How do you react on calls coming from the guidance counselor of your child’s school asking you for a Parent-Teacher Conference even if the giving-out of cards is still due next month? Will it also crush your heart discovering the rather problematic behavior of your child, while to your mind he or she is behaved and obedient? I can only imagine the pain traveling from your brain down to your spine and vice-versa. As parents admitting to ourselves that we were remiss in disciplining our children is difficult because we have lived by the notion that, “we cannot harm our children”. But have we really not led our children to harm’s way?
As a teacher I have many times come across students who lived dual lives. In the home they seem to be “cool” and cooperative but as soon as they reach the school, they change roles and start to display a type of behavior quite the contrary to how they conduct themselves in their respective homes. While some choose to not attend school on a regular basis (even if parents thought that they are in school; thus continue to give their daily allowance), others end up bullies. In my many years of teaching experience most of those who received disciplinary actions have problems in the home. Suppressed and repressed emotions are the common culprits.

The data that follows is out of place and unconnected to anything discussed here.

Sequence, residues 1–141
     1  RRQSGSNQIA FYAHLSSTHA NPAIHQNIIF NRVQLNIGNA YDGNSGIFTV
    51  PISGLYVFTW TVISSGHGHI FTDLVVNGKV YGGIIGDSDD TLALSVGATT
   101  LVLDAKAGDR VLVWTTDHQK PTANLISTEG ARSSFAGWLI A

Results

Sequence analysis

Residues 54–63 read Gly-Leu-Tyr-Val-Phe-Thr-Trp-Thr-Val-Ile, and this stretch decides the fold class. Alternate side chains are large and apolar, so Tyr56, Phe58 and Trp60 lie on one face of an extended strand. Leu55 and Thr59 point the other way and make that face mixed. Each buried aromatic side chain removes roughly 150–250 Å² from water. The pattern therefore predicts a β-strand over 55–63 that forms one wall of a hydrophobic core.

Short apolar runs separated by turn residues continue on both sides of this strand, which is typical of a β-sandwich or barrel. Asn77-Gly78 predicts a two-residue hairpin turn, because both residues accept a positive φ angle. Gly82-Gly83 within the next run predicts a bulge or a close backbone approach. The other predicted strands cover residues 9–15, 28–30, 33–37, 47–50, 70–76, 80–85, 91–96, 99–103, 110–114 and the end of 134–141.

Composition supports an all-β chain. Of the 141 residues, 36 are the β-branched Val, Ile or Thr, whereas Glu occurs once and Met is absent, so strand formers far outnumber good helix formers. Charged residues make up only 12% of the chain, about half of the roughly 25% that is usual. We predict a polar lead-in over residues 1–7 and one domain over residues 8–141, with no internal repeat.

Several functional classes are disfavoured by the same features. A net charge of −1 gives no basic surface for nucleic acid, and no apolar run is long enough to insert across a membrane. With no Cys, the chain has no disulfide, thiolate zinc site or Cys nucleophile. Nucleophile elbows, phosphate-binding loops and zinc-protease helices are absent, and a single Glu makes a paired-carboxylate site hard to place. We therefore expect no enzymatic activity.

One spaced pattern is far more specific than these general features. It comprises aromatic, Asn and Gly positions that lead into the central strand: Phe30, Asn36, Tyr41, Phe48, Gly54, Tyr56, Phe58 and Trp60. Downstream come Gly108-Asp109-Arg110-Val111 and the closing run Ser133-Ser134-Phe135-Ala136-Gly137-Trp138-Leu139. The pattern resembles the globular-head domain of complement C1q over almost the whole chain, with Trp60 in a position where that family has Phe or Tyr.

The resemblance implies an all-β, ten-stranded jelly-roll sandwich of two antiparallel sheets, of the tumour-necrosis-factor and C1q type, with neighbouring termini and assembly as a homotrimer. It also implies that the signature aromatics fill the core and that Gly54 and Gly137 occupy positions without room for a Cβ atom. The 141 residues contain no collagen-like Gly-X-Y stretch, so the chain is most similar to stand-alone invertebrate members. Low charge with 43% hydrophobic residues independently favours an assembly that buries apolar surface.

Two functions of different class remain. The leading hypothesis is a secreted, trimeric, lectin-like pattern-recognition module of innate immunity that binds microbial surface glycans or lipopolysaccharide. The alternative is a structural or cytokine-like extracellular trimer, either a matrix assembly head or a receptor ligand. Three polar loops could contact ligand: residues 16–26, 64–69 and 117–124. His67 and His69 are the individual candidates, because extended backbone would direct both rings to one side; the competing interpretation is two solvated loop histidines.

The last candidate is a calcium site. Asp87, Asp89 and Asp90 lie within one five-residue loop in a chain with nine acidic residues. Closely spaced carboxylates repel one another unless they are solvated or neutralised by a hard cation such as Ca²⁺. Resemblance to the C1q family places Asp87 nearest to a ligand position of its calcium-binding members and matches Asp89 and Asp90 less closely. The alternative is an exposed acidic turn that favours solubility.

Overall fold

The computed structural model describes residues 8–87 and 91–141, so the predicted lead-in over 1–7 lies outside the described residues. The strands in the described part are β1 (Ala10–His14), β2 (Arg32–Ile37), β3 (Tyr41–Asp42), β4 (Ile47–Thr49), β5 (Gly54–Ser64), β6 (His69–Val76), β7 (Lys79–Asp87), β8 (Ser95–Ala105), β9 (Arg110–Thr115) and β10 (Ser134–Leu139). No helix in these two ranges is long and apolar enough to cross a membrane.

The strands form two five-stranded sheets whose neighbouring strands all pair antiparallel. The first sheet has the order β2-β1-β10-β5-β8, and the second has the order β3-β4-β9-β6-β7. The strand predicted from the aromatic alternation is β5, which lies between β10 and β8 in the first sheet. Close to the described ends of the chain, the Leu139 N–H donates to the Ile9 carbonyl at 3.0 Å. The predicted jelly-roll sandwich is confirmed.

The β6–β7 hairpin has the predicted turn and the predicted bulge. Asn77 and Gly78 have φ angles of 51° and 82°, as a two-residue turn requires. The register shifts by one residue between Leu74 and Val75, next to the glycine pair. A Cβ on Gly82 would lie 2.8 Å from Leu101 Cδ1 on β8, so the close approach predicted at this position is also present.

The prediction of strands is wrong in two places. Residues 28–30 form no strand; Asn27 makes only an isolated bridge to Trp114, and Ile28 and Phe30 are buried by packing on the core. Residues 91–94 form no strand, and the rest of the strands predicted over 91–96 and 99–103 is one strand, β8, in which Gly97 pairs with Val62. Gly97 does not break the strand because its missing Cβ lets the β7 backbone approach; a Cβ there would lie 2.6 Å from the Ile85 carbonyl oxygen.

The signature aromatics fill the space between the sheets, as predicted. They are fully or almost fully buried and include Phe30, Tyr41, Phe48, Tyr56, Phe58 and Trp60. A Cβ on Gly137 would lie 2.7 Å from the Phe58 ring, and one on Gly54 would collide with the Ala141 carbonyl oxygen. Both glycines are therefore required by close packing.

Communicating with our children is important. It will do them good if we talk to them or discuss family matters with them. Being mum on situations that concern them will only make matters worse. Even if preoccupied with work, we need to ask our children how their day was. If it sounds more like a fishing expedition, let it be. What matters is knowing how our children spent their day.
Involving our children in family decisions and listening to what they have to say are essentials to teaching them responsibility and respect. When we parents allow our children to be healthy contributors to family matters, they develop confidence.
Ephesians 6: 1, commands the children to obey their parents in the Lord. Ephesians 6:4 on the other hand, instructs the Fathers,(or parents)to not exasperate their children; instead, bring them up in the training and instruction of the Lord.